By putting aluminum foil or reflective mulch on the ground underneath your plants, this can deter aphids.
This will be more effective in your vegetable garden. Try to avoid using it with your flowers as it can be harmful to them.
Just remember to pick up the foil when the gardening season is over to protect the environment.
9. Remove Aphids Manually
If you only notice a minimal infestation, you can remove the bugs that you see.
In this case, it is important to take time out in your garden and identify which bugs need to be removed from the plants.
If you drop them into a tub of soapy water, they will die without you having to squish them.
10. Squish the Eggs
Don’t just get rid of these bad bugs themselves, but also make sure to get rid of the eggs.
You can remove them from the leaves, squish them, or use a natural insecticide. Destroying the eggs will help keep your crops safe from harm.
While aphid eggs are not an immediate threat, as soon as they hatch, the new bugs can wreak havoc on your plants.
11. Epsom Salt
Add Epsom salt to the soap and water mixture in a spray bottle. By spraying the mixture onto the plant, you can get rid of harmful aphids.
It is best to use it on the bottom of the leaves in the early evening. After the night has passed, rinse off the top of the leaves with the garden hose so they don’t get burnt by the sun.
Epsom salt can also help to remove black fungus on plants.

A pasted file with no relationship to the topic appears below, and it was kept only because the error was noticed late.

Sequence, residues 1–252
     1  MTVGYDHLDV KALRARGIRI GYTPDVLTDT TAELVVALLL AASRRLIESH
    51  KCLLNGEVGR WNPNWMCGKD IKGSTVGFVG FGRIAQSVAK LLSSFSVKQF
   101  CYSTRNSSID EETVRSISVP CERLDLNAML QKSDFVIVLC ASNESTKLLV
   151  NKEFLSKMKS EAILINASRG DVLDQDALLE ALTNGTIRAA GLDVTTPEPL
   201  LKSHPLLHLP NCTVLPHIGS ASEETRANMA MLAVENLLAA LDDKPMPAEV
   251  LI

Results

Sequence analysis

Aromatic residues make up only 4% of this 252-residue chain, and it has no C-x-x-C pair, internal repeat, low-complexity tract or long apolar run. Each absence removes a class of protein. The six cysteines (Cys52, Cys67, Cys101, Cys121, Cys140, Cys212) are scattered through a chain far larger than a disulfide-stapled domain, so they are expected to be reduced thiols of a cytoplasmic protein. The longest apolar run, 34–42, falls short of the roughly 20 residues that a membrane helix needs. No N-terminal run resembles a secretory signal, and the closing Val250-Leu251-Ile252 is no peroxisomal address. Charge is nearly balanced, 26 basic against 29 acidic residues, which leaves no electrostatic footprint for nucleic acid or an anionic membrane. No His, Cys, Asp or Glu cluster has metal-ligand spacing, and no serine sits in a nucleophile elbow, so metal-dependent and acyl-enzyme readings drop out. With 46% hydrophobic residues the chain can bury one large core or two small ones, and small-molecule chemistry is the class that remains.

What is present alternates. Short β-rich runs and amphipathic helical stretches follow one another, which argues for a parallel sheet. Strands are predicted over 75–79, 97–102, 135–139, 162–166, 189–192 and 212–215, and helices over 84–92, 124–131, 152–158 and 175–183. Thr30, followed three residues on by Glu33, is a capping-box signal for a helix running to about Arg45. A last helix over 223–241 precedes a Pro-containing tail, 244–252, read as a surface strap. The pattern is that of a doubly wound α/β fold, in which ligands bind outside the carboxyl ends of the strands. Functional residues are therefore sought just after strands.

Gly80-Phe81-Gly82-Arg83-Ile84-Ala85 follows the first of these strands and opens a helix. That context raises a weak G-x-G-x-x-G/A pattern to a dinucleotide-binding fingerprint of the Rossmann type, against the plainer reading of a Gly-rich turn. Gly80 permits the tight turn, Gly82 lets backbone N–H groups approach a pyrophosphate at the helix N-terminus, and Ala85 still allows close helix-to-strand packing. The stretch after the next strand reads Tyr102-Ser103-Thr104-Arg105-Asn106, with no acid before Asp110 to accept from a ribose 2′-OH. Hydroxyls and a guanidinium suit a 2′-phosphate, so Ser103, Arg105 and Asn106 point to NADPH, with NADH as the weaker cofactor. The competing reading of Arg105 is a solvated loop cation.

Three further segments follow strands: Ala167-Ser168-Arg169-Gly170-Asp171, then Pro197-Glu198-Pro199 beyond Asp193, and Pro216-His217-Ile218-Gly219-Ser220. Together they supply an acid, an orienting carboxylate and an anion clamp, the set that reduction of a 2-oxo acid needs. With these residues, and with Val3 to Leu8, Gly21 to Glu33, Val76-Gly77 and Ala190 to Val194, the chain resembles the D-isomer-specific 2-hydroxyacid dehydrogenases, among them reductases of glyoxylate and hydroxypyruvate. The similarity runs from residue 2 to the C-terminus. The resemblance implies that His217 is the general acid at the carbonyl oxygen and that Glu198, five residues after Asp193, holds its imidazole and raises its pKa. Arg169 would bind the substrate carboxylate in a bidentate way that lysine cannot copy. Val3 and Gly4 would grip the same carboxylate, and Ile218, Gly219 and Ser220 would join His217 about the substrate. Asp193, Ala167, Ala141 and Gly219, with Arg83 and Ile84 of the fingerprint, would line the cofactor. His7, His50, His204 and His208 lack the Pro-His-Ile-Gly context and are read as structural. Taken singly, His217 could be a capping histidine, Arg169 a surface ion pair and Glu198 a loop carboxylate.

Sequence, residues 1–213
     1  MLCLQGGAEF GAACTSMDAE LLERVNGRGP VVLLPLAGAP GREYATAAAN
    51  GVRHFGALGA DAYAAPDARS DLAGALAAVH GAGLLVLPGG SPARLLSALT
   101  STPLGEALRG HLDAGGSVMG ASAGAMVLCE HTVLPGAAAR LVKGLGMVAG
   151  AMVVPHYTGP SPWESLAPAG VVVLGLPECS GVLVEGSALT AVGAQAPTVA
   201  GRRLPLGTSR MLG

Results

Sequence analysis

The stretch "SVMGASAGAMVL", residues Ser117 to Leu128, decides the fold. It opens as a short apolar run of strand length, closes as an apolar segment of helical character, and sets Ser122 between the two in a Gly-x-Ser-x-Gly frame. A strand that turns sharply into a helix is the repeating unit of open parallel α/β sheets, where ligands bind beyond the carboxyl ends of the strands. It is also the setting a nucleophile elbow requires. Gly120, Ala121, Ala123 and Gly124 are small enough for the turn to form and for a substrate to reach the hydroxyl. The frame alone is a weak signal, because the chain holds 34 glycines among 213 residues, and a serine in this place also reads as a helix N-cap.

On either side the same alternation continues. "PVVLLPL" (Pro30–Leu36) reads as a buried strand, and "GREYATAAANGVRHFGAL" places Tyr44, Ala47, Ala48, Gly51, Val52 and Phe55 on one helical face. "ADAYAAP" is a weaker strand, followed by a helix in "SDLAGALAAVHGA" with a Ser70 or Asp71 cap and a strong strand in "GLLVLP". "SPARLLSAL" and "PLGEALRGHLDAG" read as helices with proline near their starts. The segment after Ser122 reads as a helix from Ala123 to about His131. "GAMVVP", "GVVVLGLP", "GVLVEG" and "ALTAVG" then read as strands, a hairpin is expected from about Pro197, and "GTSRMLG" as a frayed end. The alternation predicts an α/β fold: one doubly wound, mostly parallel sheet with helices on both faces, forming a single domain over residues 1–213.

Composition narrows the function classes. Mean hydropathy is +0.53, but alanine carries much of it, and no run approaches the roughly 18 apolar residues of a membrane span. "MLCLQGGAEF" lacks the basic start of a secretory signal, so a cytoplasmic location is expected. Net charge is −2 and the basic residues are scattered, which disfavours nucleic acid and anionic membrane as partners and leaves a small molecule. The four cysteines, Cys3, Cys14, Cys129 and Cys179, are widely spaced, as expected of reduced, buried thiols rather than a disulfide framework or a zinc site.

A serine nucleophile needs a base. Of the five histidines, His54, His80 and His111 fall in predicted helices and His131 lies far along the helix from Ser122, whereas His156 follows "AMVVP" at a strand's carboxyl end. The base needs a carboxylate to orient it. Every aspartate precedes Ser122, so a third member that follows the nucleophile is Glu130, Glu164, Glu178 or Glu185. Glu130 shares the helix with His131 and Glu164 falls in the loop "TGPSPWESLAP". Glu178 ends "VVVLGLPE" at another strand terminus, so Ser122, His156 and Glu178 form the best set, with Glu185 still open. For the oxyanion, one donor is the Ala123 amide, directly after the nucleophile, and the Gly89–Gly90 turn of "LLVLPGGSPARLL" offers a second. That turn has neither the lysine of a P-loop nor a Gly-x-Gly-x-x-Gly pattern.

12. Garlic Spray
A homemade garlic spray can help to rid of aphids in the garden. All you’ll need is some mineral oil and fresh garlic.
Chop the fresh garlic cloves and let them sit in the organic mineral oil. After taking out the solid garlic pieces, add it to water.
Add a little bit of organic liquid soap and spray it on your plants. This will help to encourage the greenflies to go away while also protecting the plants.
13. Pay Close Attention to the Ants
Aphids and ants are like best friends. Ants are sometimes the culprit for protecting them.
If you notice a large population of ants in your garden, you might want to consider focusing on getting rid of them.
If there are no ants to protect the aphids, there will be fewer aphids to deal with.
14. Vinegar Solution
Vinegar is a natural household product that is commonly used to deter garden pests, including aphids. Pair it with an organic liquid soap like Dr. Bronner’s.
Combine one tablespoon of liquid soap with four tablespoons of vinegar in a gallon of water. Add to a spray bottle and coat affected plants.
15. Diatomaceous Earth (DE)
Naturally mined from oceans and rivers, diatomaceous earth is the fossilized remains of small aquatic creatures. DE is toxic to greenflies — it will enter their system and dehydrate them.
Purchase a brand that is OMRI listed for safe use in organic gardening. Lightly dust the leaves of affected plants and reapply once there’s a heavy downpour of rain.
16. Onion Spray
Aphids hate the smell of onions. Puree one onion bulb in a cup of water. Strain and spray on affected plants. Use the measurement ratio as a guide for bigger concoctions.
17. Attract Insects and Bugs That Feed On Aphids
There are bugs and insects that feed on aphids. However, it is important to know the ones that are beneficial from those that can damage your field.
Some of these predatory insects include ladybirds, lacewings, hoverfly larvae, aphid midge, and parasitic wasps.
You can also talk to the professionals at your nearest garden center on how to get rid of greenfly. They can give you advice on which plants might be less affected by greenfly in your particular climate.
This might limit the variety of plants you can have in your garden, but these guys can help you make good decisions about what to plant.